17 For Herod had sent soldiers to arrest and imprison John as a favor to Herodias. She had been his brother Philip's wife, but Herod had married her. 18 John had been telling Herod, "It is against God's law for you to marry your brother's wife." 19 So Herodias bore a grudge against John and wanted to kill him. But without Herod's approval she was powerless, 20 for Herod respected John; and knowing that he was a good and holy man, he protected him. Herod was greatly disturbed whenever he talked with John, but even so, he liked to listen to him. Mark 6:17-20 [NLT]
Herod had John the Baptist arrested and thrown into the deepest and darkest of his dungeons, where Herodias would hopefully be pleased, but John would still be safe, regardless of his lack of freedom.

John, at this time, was going through the greatest trial of his life. He had done the work of the Lord, going before Jesus and preparing the way for Him, Baptizing in water in the name of God, and proclaiming the Messiah when Jesus arrived. John even Baptized Jesus Christ. Why, then, would God do such a thing as to have him thrown into prison by Herod? Had John been wrong? John began to doubt.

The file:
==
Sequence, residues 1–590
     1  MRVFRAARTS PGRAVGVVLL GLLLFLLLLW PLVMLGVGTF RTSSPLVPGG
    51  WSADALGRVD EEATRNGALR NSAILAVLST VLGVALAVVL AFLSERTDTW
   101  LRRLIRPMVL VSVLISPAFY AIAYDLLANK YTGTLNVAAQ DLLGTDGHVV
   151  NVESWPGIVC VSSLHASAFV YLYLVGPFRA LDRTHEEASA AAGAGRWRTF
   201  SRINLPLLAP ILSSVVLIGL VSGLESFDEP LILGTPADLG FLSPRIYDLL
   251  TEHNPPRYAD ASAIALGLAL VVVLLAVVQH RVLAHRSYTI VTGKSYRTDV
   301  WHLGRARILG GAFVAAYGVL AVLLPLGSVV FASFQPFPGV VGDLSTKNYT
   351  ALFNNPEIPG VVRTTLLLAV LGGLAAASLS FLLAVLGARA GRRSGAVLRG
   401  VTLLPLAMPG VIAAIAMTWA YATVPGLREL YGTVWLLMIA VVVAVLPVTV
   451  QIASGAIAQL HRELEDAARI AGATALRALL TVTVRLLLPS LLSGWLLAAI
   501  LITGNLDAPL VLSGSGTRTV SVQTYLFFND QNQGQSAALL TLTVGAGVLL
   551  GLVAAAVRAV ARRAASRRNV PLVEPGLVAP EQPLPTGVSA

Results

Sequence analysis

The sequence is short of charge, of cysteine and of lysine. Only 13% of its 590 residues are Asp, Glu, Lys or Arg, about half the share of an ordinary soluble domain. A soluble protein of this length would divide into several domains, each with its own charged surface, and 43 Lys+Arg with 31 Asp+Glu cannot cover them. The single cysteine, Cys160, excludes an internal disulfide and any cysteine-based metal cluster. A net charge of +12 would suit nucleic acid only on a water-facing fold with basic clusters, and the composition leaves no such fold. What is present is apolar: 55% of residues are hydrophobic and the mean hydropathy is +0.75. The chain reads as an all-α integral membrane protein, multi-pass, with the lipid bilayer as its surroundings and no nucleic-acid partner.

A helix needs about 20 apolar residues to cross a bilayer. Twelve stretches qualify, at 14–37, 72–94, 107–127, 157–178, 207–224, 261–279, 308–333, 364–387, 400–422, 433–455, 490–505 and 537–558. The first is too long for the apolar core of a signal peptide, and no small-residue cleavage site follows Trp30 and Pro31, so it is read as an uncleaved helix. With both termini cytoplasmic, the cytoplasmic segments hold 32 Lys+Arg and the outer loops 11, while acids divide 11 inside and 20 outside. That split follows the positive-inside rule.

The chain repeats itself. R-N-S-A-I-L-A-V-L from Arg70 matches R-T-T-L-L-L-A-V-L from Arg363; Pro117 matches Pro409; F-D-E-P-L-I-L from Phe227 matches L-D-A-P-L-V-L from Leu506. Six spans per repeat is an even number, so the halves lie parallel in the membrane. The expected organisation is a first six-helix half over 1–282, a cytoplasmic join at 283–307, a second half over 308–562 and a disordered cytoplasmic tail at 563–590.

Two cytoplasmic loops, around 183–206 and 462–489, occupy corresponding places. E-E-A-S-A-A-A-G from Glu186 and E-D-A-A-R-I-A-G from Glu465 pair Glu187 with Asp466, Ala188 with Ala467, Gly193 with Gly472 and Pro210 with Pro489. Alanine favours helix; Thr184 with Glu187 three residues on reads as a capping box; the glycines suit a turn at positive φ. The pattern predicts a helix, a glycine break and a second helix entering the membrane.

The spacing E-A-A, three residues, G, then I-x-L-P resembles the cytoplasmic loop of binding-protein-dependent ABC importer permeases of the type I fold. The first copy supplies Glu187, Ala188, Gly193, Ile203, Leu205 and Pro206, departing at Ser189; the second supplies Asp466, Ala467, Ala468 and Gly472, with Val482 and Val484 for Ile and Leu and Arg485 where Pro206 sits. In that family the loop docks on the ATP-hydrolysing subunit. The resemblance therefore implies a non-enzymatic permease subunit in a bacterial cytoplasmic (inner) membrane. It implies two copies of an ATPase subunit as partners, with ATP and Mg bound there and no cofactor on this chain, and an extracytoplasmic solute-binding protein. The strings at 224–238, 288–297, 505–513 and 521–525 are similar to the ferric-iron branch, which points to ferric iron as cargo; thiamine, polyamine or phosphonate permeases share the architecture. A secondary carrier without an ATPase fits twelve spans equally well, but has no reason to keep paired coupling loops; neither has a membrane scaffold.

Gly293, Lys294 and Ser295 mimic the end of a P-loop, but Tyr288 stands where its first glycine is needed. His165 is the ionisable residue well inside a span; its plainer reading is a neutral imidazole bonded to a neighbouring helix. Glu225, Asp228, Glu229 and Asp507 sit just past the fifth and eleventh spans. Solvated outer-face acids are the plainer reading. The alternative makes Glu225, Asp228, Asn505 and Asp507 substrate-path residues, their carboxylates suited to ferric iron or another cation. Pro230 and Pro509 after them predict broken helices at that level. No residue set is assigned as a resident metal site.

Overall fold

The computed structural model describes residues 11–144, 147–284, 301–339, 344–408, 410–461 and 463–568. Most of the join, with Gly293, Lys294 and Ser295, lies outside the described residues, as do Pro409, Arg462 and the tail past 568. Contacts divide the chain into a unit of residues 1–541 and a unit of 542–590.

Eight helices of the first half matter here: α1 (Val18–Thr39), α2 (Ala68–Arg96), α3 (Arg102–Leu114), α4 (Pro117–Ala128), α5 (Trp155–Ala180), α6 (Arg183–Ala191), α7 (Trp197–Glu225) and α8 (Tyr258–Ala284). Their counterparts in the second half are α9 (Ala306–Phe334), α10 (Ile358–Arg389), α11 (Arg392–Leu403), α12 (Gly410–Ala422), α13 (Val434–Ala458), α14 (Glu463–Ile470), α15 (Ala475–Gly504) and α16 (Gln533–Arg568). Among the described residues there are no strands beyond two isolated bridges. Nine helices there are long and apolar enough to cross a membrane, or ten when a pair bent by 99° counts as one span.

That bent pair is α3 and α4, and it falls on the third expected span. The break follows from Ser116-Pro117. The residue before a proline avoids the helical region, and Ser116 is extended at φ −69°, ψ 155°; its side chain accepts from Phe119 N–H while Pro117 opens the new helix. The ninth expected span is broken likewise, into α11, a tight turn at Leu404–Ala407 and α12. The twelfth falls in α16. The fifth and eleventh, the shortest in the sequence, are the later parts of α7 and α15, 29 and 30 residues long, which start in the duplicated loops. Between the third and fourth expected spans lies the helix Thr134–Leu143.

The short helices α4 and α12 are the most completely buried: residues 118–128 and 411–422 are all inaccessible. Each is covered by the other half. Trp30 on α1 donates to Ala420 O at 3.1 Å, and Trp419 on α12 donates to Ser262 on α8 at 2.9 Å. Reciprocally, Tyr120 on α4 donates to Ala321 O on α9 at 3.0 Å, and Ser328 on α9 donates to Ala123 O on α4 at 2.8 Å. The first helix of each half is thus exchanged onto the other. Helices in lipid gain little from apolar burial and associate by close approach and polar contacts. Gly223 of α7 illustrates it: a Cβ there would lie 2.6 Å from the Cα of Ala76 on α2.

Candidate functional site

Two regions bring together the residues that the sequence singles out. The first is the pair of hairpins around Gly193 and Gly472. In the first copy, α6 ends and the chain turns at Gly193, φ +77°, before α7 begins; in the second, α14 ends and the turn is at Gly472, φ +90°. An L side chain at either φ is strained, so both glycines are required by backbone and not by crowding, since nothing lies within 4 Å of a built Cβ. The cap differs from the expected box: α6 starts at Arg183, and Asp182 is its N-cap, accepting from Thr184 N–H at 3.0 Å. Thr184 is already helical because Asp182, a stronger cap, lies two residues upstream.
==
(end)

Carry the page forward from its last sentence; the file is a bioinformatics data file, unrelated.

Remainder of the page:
2 John the Baptist, who was in prison, heard about all the things the Messiah was doing. So he sent his disciples to ask Jesus, 3 "Are you the Messiah we've been expecting, or should we keep looking for someone else?" Matthew 11:2-3 [NLT]
"Are you the Lord? Are You out there, God?" In his moment of doubt, John called out for God.

What do we do in our times of hardship? Do we pray, "God, get me through this. Just get me out of this, and make everything okay." Are we so centered on ourselves that we can think of nothing else? Or do we pray, "God, I can get through this. If this is Your will, I can do it. Just tell me why, Lord. Why? I just want to understand why I'm going through this." As if God owes us any kind of explanation. It is not our place to understand His ways, but maybe we ask Him anyway. Or do we find ourselves wallowing in doubt, as John did, and say, "God, why have You abandoned me? Are You there?"